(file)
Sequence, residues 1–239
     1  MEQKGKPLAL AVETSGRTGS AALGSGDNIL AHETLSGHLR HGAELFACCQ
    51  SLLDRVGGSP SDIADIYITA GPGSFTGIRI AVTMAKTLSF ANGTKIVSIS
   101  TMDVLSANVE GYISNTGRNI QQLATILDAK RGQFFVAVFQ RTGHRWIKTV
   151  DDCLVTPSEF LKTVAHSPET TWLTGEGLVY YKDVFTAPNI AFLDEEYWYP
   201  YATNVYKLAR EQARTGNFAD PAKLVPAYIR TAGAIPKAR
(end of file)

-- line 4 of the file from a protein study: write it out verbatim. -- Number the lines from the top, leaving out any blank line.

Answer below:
   101  TMDVLSANVE GYISNTGRNI QQLATILDAK RGQFFVAVFQ RTGHRWIKTV